For two straight nights I skipped dinner (unless you count a handful of Oreos dinner), and I realized by Thursday that my headache was probably from eating too many gummi bears and ingesting too much miscellaneous sugar. So I regrouped and ate a big salad and tried to abstain from too much sugar. All of this made me ponder an absolutely insane question: How fast does the body digest gummi bears? Do they stay in your digestive track for days? Why would I think of such things? Which led to me making the most bizarre comment to Alexis: If they find a body that they cannot identify and the stomach contents are nothing but gummi bears, it’s probably me. Yes, I know. I watch entirely too much Dateline ID and CSI and all of those other shows.

This is how my mind works. And by that I mean, not too well. Truly.

“We sit and talk quietly,
with long lapses of silence,
and I am aware of the stream that has no language,
coursing beneath the quiet heaven of your eyes, which has no speech.” ~ William Carlos Williams, from Paterson, Book I

I’ve been searching the Interwebs for a working IBM Selectric, and they are not easy to come by. I really wish that I could get one from an old office that has one just sitting around. Don’t ask me why I imagine such things to be possible. I found a few on e-Bay, but they were selling for parts, which doesn’t help me at all. If anyone out there in the ether hears of an old working Selectric that someone is trying to unload, keep me in mind.

>>>>> by Georgia Mizuleva (GeorgiaM) on 500px.com
Flying
by Georgia Mizuleva

Corey is thinking of taking a few days off when the ship gets in port here. I think that’s a great idea. He needs to step back and regroup, see if he wants to finish this hitch. He sounds so tired. He does this thing when he’s upset—doesn’t eat. Just smokes and drinks Mountain Dew. Very not good. I mean, he’s so lean as it is, and the intake of caffeine and nicotine without food doesn’t help anything. I found out that his phone, the one that we just got fixed before he left, was submerged in salt water. I have no idea if he’s managed to get it working, but I have a feeling that we’ll be purchasing a new phone for him soon. It can be a belated birthday present.

So yesterday, because I had no vehicle and was waiting for Alexis to pick up Brett at school, I decided to try out the new mower to mow the yard, front and back. It’s been raining almost every day, and the grass was so high. Eamonn hasn’t wanted to do it when he gets off work, and finally, I had enough and went outside and did it myself. I haven’t mown a yard in a decade. I mean, I used to do it all of the time. It’s great exercise, but not so great when you have a bad back, and both of your wrists are locked up. Eamonn is certain that I did it just to make him feel bad, but actually, I was just so frustrated by absolutely everything that I decided that it would be a good thing to do—mow, make the yard look decent, get some exercise, do something different.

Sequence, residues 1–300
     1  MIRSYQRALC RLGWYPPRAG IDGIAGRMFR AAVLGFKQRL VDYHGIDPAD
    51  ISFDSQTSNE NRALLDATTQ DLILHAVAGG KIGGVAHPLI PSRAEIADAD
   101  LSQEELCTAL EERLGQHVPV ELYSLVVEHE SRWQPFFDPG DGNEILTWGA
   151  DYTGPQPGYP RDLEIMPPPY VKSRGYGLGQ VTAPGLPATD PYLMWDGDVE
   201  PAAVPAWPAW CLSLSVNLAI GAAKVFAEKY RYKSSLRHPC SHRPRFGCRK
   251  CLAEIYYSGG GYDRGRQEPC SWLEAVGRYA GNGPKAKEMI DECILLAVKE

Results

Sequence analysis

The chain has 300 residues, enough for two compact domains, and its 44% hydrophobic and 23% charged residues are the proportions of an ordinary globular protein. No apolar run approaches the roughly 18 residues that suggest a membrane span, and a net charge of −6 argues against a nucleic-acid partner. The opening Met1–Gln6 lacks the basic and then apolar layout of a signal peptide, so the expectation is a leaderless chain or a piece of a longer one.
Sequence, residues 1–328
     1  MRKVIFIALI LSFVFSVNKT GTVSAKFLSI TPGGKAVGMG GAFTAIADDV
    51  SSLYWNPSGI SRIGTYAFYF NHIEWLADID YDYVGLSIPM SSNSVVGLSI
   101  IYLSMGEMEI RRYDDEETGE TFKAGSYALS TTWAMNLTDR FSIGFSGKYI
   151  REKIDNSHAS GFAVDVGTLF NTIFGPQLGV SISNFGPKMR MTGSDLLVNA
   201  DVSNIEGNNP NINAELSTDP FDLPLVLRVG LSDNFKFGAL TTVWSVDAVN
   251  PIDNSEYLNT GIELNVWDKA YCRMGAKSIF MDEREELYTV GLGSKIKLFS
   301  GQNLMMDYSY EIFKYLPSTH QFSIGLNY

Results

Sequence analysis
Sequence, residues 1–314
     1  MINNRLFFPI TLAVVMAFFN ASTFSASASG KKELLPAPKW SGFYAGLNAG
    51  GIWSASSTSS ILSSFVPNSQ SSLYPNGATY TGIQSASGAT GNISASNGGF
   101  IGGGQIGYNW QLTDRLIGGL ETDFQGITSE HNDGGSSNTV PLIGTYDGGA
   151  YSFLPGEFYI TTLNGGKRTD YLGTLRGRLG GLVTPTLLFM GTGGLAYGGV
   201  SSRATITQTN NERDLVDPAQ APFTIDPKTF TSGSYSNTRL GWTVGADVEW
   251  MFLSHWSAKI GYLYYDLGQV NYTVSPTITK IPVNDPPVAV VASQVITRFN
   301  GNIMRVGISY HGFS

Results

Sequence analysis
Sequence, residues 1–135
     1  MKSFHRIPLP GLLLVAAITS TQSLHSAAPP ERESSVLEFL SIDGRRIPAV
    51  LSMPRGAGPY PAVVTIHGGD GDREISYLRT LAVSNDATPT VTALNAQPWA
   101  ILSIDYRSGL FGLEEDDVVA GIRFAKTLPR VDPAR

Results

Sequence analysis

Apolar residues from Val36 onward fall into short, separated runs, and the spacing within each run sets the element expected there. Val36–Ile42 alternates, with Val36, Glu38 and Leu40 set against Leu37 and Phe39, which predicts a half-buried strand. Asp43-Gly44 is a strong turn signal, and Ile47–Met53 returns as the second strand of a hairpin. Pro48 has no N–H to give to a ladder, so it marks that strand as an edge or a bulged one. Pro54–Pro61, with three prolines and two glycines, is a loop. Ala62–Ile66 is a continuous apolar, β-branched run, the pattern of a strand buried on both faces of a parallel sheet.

Yep. Right. Good idea.

Not so much.

“Words have been spoken; things that were bottled
have burst open and to walk in now
would be to walk in

on the ocean.” ~ Simon Armitage, from “At Sea

By the time I finished, my wrists were tingling and numb, and my back was shot. Perversely, it felt good. I hate that my body cannot do the things that it used to do. I hate that the entire time I was mowing, all I could think about was my disability claim. I hate that by the time that I finished, I had numerous injuries: a slice in my right pinky from the leftover glass in the sliding door; it wouldn’t stop bleeding, a blister the size of a quarter in my right palm, a numb left arm and hand. What the hell?

This morning V by Georgia Mizuleva (GeorgiaM) on 500px.com
This Morning V
by Georgia Mizuleva

I haven’t decided whether or not I’ll tell Corey what I did. He will not be amused.

Anyway, today I’m not doing much of anything. I have some laundry going, and I cleaned the kitchen. I pine for a long hot bath, even in this weather, but it’s not going to happen, so what’s the point? Maybe one day I’ll be able to emerge myself in a natural hot spring. Wouldn’t that be wonderful?

Eamonn drove the Rodeo to work yesterday and today. The guy across the street is supposed to work on Eamonn’s car this weekend. I had hoped to float in the pool, but I’ve already talked about that, so the only thing left on my dance card is a new episode of “Dr. Who” tonight, and a new “Wallander” on “Masterpiece Mystery.” I am simply agog with excitement. Try not to be too envious of the thrill that is my life.

More later. Peace.

Music by Imperial Mammoth, “Requiem on Water” (lots of water and sea on my mind, obviously)

*All images are taken from the 500px site of Georgia Mizuleva

                   

Indian Summer

Like a deep blue wave
of passion
you shore into the room
where I sit waiting quietly,
open-booked.